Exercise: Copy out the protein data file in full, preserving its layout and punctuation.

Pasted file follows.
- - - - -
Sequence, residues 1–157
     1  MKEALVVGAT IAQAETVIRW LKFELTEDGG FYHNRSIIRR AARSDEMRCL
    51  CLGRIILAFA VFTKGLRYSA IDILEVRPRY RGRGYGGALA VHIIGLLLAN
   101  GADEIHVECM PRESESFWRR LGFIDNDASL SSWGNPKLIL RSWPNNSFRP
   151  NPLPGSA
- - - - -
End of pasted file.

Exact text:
Sequence, residues 1–157
     1  MKEALVVGAT IAQAETVIRW LKFELTEDGG FYHNRSIIRR AARSDEMRCL
    51  CLGRIILAFA VFTKGLRYSA IDILEVRPRY RGRGYGGALA VHIIGLLLAN
   101  GADEIHVECM PRESESFWRR LGFIDNDASL SSWGNPKLIL RSWPNNSFRP
   151  NPLPGSA